The Master in the 80’s – part 1

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On the heels of the previous decade, Jimmy was becoming quite sought out thru the 80s – getting regular calls for gigs at top NYC clubs, new record opportunities and tours in Europe, both for music venues and teaching. He was now a “re-established” master. Most notably during this time he had his alcoholism much more in check. In fact I would say for a greater part of the 80s, the issue was under control with few relapses.

In 1980, he recorded the album, Here’s that Rainy Day in France with his old cohort, Hank Jones, bassist Pierre Michelou and drummer Jimmy Cobb. Dad wasn’t thrilled with record, but mostly blamed himself for the performance flaws. Curiously, he said he felt almost intimidated by his old cohort Hank Jones whom he held in the highest regard. Generally I think the record was poorly recorded.

Jimmy and our family through the years maintained a close relationship with Attila Zoller.  Although different personalities Jimmy and Attila’s relationship was mutually beneficial. My father was not a go-getter in terms of getting work. Attila was and with the promise of the great Jimmy Raney also on the gig it helped make the sale.   Attila  made things happen. He booked gigs for the two of them in Bradley’s. They went to Germany in 1980 and they recorded the duo album “Jim and I” and there is a video DVD of it above.

In 1981, I started thinking seriously about playing jazz. I went down to visit with Dad in Louisville (He had moved back to Louisville at that point). Dad, Ola Miracle and I drove all way from Louisville to Brattleboro, VT. There Dad was the guest artist in residence in Attila Zoller’s jazz clinic, which later became established as the Vermont Jazz Center. The late guitarist Jack Fragomeni also was teaching, along with Attila. In the clinic I learned quite a bit about my abilities – or lack of them and listening to my father teach that was truly an experience. scan0006The guitarist Draa Hobbs was also there to witness it. Jimmy talked alot about his polymetric approach and demonstrated his signature lines counting in 6/4. This was something that was percolating for him – how to explain what it was that he was doing in teachable terms. He’s playing was over the top great at this point. There was no one better. This was obvious to anyone that listened, student or professional alike. When Jimmy launched in “All The Things You Are” it provoked Attila to say in a self-deprecating way, “Who the fuck am I to teach anyone, Charlie Parker just stepped into the room.”

One thing I recall about the experience was that my talent for comedy improv suddenly surfaced. I suddenly launched into a routine, “How I Invented the Blues” with Dad and Ola watching. The routine was loosely based on some video I saw of Dizzy Gillespie describing how he wrote “Night in Tunisia” I think. I was possessed and it was just coming out of me. My father laughed more loudly than I had ever heard him laugh. He asked me to repeat the routine later on a few occasions but I told him I couldn’t. I don’t really remember what I did and it was spontaneous. I recall a similar experience with doing an imitation of the famous character actor, Ed Wynn for a friend. I just saw him in my imagination so strongly it just came out. I have tried to do on it a few occasions and it just doesn’t happen. This concept reminds me a lot about my father’s improvisational style. Although the notes are important its his immersion into his own lines that is key. The depth he has comes out of his intense concentration while he’s playing and being “in the moment.” You were drawn in to his lines because he was drawn into his lines. Barney Kessel described it as though Raney were writing a note to an intimate friend through his guitaring.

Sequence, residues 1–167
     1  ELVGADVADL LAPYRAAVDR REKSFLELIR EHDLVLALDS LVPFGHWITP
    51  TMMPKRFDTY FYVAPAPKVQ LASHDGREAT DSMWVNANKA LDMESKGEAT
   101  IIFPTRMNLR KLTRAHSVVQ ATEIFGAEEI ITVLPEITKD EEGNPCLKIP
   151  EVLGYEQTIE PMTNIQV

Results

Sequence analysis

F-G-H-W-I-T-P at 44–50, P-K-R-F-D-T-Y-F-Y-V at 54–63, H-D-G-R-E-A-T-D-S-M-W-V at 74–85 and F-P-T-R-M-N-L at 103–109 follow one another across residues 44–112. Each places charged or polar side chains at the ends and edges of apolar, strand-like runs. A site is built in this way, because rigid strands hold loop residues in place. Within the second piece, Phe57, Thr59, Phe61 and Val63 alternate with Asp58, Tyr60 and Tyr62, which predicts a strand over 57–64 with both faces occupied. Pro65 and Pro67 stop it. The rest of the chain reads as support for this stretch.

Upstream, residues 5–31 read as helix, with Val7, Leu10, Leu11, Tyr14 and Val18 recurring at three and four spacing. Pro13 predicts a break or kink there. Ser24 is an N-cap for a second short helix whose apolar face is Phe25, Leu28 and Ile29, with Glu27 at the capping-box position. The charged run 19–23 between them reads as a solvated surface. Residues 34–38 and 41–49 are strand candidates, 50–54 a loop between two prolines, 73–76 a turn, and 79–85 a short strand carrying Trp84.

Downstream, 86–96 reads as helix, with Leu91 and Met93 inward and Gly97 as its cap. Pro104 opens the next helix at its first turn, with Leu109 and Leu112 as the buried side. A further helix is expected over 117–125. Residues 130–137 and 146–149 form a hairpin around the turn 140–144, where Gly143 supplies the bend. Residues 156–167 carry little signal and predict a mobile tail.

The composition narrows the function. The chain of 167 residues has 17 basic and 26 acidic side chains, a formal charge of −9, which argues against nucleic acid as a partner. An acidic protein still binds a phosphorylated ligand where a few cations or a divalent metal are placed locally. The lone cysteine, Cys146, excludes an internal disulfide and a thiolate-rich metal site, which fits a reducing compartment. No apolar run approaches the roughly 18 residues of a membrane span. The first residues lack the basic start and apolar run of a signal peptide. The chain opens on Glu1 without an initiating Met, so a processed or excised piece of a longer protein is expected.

In 1981, be recorded for Gerry Teekens the album, “Raney 81”. For me this was his best record since “Two Jims and Zoot”.  The opening on “What is Thing Called Love”

is a tour de force and there are so many winner solos on it, “If I Should Lose You”, “Sweet and Lovely”, Bill Evans “PRaney81eri’s Scope” , “This is New” or “My Shining Hour” that is really difficult to decide for me which is my favorite. Doug in my view was more in a supporting role on this record and he does it amazingly. I listen to his comping a lot on this record. It’s telepathic. From a solo perspective I don’t hear him as sounding comfortable like he was on “Stolen Moments”. I think much of this was the studio experience plus he was using his Ibanez not his fav guitar the L7 if I remember correctly.  Dad’s sound is markedly different than on prior records. Clearly the new Hofner guitar (designed by Attila Zoller and featured at left in album photo) was influencing this.